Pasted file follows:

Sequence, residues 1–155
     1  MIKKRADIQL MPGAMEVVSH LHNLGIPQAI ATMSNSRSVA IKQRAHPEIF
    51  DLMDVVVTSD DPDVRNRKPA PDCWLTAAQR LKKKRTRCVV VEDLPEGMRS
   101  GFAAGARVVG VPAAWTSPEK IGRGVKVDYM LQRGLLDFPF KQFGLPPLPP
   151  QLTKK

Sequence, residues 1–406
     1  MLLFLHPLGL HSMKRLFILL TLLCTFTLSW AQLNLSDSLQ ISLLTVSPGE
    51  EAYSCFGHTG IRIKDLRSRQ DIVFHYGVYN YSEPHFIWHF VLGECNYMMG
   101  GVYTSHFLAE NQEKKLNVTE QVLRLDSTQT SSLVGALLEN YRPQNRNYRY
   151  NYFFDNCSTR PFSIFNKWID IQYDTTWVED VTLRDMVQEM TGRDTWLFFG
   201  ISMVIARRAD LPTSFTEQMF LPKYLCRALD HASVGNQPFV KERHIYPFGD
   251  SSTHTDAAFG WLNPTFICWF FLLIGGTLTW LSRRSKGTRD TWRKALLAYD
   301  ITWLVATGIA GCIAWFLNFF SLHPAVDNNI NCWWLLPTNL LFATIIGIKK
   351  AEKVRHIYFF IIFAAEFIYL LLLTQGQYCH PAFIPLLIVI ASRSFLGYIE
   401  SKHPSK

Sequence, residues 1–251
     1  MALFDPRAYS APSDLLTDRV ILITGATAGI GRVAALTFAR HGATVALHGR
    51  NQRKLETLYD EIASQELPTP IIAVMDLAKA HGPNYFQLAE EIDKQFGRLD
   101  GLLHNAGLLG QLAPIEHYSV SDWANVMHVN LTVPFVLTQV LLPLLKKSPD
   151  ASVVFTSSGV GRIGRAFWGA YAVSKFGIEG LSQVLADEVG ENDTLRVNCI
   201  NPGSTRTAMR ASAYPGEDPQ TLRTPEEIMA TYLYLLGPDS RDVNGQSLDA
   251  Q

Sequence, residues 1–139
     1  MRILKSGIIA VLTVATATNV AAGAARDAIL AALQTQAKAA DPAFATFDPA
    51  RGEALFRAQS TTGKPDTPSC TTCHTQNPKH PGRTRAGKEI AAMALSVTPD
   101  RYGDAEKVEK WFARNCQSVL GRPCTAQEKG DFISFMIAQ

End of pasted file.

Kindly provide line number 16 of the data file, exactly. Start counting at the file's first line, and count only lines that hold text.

Sequence, residues 1–251